[an error occurred while processing this directive]
[an error occurred while processing this directive]

Today in History

1066
William the Conqueror invades England
1911
Italy declares war on Ottoman Empire.
1931
Pin-up model and actress Anita Ekberg born in Malmö, Sweden
1941
33,771 Jews killed by Nazis at Babi Yar
1942
Theater and film actress Madeline Kahn born in Boston, Massachusetts
1942
Jazz violinist Jean-Luc Ponty born in Avranches, France
1943
Nobel Peace Prize recpient, Lech Wałęsa born in Popowo, Poland
1954
CERN, European Organization for Nuclear Research, is established
1962
Canada launches its first satellite, Alouette 1
440
Death of St. Cyriacus the Recluse
855
Death of Lothair I, Holy Roman Emperor
996
Pope Gregory V driven from the Throne by a revolt
1066
William of Normandy, "the Bastard," occupies Hastings
1197
Emperor Henry VI dies in Messina, Sicily.
1227
Excommunication of Frederick II, Holy Roman Emperor
1273
Election of Rudolph I as King of Germany
1322
"Sir John de Mandeville" flees England
1397
Thomas Mowbray created first Duke of Norfolk
1399
Richard II of England is deposed. His cousin, Henry of Lancaster, declares himself king under the name Henry IV.
1493
Columbus leaves Cadiz, Spain on his second expedition
1513
Spanish explorer Vasco Nunez de Balboa discovers the Pacific Ocean.
1518
Tintoretto born
1547
Spanish poet-novelist Miguel de Cervantes, author of "Don Quixote" born
1560
Death of Gustavus I Eriksson, King of Sweden
1582
Death of St. Theresa
1758
English Admiral Horatio Nelson born
1759
English author William Beckford, whose Orientalist tale Vathek was one of the most popular works of the Gothic school of writing. born
1789
The U.S. War Department organized America's first standing army - 700 troops who would serve for three years.
1803
The first Roman Catholic Church in Boston was formally dedicated. (Catholics had not been permitted any religious freedom within this predominantly Puritan colony prior to the Massachusetts Constitution of 1780.)
1810
The English Victorian novelist Mrs. Elizabeth Gaskell born
1829
The first regular police force in London was started. They were called "bobbies" after Robert Peel, the Home Secretary who began the force. London's reorganized police force became known as Scotland Yard.
1829
There was a meeting of the minds when Paganini met Goethe.
1838
American architect Henry Hobson Richardson, a major figure in the 19th century Gothic revivial. born
1850
Mormon leader Brigham Young is named the first governor of the Utah Territory.
1864
The Spanish philosopher and author Miguel de Unamuno. born
1879
Dissatisfied Ute Indians kill Agent Nathan Meeker and nine others in the "Meeker Massacre."
1901
Pioneer nuclear physicist Enrico Fermi born
1902
The French novelist and journalist Emile Zola died in Paris. His novels are the major works of French naturalism.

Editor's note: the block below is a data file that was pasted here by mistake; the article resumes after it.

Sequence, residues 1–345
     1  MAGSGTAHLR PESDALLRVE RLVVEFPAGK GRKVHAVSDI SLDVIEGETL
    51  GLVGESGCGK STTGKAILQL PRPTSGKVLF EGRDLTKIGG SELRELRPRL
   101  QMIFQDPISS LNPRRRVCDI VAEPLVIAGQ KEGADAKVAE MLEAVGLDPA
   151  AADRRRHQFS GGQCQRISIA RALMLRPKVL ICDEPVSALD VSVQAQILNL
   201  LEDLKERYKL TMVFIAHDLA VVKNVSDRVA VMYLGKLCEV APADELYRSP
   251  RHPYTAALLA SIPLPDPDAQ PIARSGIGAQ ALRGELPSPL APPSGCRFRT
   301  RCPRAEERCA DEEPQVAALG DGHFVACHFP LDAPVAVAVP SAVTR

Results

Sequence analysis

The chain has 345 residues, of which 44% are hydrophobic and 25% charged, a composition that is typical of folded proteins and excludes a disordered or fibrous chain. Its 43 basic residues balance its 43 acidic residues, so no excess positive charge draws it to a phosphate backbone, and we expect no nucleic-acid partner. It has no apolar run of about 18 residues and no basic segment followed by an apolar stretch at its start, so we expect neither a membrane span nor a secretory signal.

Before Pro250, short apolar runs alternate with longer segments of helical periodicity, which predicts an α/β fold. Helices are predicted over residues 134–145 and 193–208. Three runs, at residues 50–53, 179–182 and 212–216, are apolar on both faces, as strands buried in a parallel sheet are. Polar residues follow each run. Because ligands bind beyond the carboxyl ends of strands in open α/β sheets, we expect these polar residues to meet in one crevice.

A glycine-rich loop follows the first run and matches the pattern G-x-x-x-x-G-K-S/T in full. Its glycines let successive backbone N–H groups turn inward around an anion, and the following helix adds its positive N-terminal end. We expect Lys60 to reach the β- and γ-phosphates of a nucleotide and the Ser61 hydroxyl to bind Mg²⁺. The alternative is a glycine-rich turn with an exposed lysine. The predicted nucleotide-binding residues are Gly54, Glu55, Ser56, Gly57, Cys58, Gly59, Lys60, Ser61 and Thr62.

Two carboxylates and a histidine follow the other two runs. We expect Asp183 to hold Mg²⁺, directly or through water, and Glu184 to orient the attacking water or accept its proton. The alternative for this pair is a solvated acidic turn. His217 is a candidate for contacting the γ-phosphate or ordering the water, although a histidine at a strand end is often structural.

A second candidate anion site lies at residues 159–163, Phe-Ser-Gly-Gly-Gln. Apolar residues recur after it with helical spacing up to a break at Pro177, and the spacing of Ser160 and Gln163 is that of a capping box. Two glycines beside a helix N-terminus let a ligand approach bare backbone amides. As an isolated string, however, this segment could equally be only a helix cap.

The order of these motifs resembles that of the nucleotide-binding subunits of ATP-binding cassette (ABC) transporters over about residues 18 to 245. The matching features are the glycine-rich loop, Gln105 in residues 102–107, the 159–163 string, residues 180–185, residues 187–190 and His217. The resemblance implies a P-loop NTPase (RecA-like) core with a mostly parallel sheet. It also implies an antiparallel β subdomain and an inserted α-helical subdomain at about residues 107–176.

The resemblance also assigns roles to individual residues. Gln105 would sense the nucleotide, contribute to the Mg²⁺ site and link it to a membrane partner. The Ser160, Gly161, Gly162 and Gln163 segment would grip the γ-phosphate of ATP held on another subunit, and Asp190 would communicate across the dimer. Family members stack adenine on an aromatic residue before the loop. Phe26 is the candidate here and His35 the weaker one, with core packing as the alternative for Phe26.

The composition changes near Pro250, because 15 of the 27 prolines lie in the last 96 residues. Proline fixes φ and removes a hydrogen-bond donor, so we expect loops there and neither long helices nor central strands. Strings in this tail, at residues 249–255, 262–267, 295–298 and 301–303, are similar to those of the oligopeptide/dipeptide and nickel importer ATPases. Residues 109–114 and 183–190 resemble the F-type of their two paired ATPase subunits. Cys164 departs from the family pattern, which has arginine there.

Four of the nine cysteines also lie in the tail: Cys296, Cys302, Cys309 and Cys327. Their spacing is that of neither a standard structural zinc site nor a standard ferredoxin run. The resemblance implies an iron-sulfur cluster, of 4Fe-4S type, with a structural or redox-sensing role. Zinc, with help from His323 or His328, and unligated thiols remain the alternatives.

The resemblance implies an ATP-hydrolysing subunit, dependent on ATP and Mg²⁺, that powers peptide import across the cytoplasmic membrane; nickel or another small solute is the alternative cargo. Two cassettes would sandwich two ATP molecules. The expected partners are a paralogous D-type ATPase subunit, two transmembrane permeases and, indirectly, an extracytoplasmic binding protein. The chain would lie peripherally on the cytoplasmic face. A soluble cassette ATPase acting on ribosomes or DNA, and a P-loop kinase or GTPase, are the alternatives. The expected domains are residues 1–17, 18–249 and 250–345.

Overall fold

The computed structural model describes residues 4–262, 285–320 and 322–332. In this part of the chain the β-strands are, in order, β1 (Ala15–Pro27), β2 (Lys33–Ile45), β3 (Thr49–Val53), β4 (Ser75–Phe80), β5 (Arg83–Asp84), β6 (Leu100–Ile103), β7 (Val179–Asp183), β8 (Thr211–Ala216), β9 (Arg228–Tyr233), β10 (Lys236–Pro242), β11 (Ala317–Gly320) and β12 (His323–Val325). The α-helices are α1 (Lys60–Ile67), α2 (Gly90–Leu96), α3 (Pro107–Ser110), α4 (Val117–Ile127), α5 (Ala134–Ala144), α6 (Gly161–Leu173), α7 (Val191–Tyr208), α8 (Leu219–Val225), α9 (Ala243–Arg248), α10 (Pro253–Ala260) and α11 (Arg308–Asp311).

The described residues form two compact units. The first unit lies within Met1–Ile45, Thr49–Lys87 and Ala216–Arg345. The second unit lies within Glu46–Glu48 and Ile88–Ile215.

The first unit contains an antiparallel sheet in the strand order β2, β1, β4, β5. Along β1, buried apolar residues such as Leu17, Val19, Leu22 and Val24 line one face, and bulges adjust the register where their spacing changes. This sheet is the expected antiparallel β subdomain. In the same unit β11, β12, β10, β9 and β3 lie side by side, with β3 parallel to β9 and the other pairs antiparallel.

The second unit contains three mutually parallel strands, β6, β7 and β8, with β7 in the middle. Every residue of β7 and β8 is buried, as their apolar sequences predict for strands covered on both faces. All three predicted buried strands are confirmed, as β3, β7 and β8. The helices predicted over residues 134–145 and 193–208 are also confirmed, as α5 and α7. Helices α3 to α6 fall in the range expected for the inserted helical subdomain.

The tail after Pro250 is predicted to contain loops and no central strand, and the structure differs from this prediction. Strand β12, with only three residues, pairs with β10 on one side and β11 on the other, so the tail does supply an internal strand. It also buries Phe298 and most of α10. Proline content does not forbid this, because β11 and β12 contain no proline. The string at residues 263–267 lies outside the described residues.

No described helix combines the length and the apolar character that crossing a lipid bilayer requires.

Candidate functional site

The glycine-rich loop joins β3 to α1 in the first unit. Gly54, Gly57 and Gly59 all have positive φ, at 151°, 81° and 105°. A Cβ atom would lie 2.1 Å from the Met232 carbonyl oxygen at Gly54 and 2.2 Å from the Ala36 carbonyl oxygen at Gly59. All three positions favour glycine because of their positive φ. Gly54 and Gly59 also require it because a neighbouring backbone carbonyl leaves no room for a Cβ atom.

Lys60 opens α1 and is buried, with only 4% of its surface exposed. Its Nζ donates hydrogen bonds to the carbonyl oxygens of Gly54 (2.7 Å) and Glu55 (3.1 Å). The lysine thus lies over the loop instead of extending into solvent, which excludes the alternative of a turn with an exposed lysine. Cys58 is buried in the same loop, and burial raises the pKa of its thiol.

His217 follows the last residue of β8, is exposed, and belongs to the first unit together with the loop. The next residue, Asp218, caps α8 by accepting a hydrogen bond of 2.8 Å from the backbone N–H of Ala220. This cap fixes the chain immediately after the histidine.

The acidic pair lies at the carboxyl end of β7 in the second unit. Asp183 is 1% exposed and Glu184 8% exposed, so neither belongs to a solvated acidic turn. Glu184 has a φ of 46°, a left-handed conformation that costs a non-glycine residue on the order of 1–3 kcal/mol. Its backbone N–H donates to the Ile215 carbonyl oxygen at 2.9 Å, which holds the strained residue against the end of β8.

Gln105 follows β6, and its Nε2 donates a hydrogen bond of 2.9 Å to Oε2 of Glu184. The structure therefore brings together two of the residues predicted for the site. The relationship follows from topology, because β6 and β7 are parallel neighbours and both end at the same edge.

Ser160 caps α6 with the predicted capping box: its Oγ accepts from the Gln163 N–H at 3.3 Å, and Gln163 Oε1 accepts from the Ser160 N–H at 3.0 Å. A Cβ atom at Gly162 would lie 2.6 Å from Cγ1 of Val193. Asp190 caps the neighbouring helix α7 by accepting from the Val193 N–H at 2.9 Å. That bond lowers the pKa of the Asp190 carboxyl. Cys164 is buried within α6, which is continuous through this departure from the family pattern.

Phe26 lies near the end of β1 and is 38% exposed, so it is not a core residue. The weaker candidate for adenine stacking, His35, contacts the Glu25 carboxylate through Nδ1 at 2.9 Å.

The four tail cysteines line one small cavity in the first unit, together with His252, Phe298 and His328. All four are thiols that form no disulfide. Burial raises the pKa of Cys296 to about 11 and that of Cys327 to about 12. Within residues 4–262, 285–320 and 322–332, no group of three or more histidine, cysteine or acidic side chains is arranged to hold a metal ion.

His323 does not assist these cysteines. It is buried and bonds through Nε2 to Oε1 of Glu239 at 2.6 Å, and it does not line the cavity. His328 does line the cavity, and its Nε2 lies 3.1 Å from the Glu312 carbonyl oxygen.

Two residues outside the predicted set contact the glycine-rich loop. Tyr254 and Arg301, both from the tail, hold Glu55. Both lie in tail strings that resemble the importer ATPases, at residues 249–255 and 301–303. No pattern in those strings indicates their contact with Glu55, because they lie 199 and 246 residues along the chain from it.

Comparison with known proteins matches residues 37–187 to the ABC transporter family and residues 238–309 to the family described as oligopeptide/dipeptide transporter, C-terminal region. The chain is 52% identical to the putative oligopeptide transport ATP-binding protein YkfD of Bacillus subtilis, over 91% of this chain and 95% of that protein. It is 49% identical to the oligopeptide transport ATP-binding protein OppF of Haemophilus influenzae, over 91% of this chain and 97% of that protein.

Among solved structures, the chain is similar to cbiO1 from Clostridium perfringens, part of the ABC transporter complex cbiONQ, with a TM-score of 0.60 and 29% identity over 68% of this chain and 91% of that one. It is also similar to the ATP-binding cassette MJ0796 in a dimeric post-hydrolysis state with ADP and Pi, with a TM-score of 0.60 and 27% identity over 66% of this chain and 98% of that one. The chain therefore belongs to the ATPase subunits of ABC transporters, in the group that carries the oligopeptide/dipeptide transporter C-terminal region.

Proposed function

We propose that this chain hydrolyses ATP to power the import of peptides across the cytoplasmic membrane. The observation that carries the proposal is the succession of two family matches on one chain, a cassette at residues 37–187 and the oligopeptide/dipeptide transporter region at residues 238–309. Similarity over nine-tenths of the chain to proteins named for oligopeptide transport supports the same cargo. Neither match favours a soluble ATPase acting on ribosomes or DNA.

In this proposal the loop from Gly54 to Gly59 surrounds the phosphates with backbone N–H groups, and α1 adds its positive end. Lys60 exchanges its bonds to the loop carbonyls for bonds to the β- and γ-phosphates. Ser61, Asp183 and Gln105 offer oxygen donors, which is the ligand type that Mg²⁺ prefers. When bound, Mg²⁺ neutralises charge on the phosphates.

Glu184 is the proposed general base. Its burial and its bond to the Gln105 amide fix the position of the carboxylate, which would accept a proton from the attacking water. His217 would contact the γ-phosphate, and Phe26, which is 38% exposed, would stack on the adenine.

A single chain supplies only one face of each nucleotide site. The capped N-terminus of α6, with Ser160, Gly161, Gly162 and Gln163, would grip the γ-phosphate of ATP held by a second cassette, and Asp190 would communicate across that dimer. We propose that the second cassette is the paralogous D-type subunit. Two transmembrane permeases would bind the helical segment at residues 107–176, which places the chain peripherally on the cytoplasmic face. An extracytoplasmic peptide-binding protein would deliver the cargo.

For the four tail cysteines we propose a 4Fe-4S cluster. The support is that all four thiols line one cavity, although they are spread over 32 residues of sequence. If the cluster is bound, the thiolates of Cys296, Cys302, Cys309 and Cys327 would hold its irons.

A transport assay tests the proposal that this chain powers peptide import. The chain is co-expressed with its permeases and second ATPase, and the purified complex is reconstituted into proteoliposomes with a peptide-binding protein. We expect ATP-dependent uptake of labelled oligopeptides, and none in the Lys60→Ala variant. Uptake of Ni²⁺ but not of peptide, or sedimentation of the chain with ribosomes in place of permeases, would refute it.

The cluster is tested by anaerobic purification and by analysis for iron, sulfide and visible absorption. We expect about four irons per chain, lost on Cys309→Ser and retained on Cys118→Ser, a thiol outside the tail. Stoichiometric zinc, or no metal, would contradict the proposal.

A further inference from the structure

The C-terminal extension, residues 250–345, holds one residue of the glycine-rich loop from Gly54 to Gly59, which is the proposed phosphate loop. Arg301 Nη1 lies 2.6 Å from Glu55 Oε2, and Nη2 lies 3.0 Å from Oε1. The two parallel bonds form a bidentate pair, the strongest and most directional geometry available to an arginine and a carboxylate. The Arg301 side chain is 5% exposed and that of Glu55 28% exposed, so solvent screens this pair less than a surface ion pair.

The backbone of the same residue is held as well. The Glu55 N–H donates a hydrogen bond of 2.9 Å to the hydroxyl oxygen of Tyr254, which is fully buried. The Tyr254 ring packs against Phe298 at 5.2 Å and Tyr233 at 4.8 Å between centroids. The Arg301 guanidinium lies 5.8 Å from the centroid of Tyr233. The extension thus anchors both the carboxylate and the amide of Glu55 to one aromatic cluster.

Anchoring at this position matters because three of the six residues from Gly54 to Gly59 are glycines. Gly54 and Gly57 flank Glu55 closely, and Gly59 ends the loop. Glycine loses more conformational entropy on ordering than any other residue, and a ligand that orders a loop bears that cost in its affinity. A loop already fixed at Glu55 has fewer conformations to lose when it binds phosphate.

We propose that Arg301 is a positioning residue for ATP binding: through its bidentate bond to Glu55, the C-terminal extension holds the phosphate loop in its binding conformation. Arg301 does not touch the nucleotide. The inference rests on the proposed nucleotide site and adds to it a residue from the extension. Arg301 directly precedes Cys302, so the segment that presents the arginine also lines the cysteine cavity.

1902
Impresario David Belasco opened his first Broadway theater.
1903
Greer Garson. Irish-born actress represented an ideal of courage with her portrayal of a British wartime housewife in Mrs. Miniver (1942). She received an Academy Award for her performance and was nominated for an Oscar a total of seven times throughout her career. born
1907
Former singing cowboy and baseball owner Gene Autry born
1908
Actress Greer Garson (Mrs. Miniver, Sunrise at Campobello, Pride and Prejudice, Little Women, Goodbye, Mr. Chips, The Singing Nun) born
1912
Movie director Michelangelo Antonioni ("Zabriskie Point") born
1913
Movie director Stanley Kramer ("Guess Who's Coming To Dinner") born
1916
On this day John D. Rockefeller's wealth made him the first American billionaire.
1916
Actor Trevor Howard (Superman the Bounty, Ryan's Daughter, The Count of Monte Cristo) born
1918
Allied forces scored a decisive breakthrough of the Hindenburg Line during World War One.
1922
Actress Lizabeth Scott born
1923
Britain began to govern Palestine under a League of Nations mandate.
1924
Actor Steve Forrest born
1931
James Watson Cronin, American nuclear physicist, corecipient with Val Logsdon Fitch of the 1980 Nobel Prize for Physics for an experiment conducted in 1964 that implied that reversing the direction of time would not precisely reverse the course of certain reactions of subatomic particles. born
1931
Actress Anita Ekberg born
1932
A five-day work week is established for General Motors workers.
1935
Singer Jerry Lee Lewis (Rock and Roll Hall of Famer Whole Lot of Shakin' Going On, Great Balls of Fire, Breathless; cousin of singer, Mickey Gilley and evangelist, Jimmy Swaggart) born
1936
In the presidential race between Franklin D. Roosevelt and Alf Landon, both parties used radio for the first time.
1939
Actor Larry Linville (Doctor Frank Burns in MASH) born
1939
Germany and the Soviet Union reach an agreement on the division of Poland.